Popping vitamin E pills is not considered out of the box anymore, especially with their claims of skin benefits among others. However, consuming vitamin E supplements may not guard against cancer as some people assume, assert scientists at Rutgers The State University of New Jersey.
Nevertheless, vitamin E present in substances like soybean and corn oils could safeguard against a range of cancers like breast, colon and lung. Essentially, the team believed that supplements may not carry the same attributes.
“There are studies suggesting that vitamin E actually increases the risk of cancer and decreases bone density. Our message is that the vitamin E form of gamma-tocopherols, the most abundant form of vitamin E in the American diet, and delta-tocopherols, also found in vegetable oils, are beneficial in preventing cancers while the form of vitamin E, alpha- tocopherol, the most commonly used in vitamin E supplements, has no such benefit,” commented Chung S. Yang, director of the center.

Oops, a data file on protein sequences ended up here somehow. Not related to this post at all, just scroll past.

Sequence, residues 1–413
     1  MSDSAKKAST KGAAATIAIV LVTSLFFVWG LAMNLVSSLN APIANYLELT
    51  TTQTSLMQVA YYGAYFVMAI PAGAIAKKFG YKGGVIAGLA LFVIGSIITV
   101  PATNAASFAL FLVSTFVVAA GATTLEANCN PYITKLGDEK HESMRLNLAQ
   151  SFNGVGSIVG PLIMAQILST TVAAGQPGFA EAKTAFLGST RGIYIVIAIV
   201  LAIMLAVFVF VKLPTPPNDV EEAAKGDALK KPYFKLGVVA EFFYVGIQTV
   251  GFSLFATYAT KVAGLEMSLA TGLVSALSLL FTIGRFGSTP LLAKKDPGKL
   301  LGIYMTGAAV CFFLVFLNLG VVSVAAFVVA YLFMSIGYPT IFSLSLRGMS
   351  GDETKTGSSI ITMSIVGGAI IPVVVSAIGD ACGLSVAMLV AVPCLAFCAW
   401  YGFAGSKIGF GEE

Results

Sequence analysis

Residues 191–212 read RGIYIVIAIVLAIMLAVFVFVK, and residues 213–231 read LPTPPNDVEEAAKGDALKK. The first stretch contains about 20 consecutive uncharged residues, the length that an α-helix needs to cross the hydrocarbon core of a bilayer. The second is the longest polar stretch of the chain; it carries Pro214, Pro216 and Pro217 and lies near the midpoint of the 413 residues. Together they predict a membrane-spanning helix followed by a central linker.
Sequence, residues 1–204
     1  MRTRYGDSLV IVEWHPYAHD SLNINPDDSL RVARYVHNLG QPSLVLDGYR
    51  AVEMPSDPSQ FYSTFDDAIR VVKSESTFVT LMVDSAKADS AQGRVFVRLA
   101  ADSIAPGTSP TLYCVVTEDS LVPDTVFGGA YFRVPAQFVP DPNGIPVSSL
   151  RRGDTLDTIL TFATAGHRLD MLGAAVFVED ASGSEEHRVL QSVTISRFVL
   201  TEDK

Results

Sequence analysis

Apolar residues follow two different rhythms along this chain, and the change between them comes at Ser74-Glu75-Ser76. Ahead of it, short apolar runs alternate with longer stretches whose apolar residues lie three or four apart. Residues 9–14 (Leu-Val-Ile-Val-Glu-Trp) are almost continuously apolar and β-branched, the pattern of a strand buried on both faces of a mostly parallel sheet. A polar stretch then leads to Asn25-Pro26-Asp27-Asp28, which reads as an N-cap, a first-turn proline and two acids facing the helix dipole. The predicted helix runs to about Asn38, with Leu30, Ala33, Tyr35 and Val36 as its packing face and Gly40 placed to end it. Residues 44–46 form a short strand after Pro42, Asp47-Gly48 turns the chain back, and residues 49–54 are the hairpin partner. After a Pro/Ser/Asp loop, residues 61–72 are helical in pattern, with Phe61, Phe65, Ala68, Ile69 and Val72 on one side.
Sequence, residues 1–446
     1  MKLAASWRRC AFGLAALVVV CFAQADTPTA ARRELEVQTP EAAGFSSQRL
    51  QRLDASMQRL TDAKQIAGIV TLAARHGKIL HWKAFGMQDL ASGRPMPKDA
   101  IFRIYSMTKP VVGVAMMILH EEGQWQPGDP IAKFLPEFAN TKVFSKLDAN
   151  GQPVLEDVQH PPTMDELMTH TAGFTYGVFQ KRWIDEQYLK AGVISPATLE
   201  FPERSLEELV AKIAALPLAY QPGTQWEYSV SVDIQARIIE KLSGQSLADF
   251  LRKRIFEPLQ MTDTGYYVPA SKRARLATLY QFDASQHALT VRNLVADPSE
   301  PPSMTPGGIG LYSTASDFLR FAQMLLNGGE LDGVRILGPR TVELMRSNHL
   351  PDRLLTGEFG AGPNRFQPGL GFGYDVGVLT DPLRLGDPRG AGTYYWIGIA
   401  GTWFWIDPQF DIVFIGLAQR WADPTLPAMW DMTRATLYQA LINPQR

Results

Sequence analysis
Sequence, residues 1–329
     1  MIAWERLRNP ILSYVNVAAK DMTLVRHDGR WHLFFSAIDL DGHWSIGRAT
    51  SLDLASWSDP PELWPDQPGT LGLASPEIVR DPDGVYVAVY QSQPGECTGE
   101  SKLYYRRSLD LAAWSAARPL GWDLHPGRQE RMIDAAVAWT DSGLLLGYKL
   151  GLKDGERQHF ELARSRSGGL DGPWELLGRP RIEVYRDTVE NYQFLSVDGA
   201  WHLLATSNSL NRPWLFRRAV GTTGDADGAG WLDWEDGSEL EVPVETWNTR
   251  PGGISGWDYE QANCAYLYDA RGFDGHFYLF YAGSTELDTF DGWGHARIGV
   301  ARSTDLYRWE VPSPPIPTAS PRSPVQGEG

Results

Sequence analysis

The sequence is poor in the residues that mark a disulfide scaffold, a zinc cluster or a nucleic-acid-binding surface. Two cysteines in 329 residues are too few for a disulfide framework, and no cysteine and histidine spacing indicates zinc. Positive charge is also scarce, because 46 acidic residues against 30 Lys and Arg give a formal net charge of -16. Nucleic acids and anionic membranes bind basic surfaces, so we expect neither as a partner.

Two ingredients of vitamin E found in the aforesaid dietary foods called gamma and delta-tocopherols came into play here. To affirm their hypothesis, a research was conducted with animals. They were exposed to carcinogenic factors, after which tocopherols were incorporated in their diets. As the injections were administered into their bodies, this ingredient seemed to block the formation of tumors.
With regards to colon cancer in rats, the delta-tocopherol form of vitamin E seemed to be effective in treating the cancer. Shockingly, an active constituent of vitamin E supplements namely alpha-tocopherol did not guard against prostate cancer, instead appeared to elevate the risk for the same.
The investigators therefore declared the importance of differentiating between the various forms of vitamin E and their apparent advantages. This analysis is published in the journal, Cancer Prevention Research.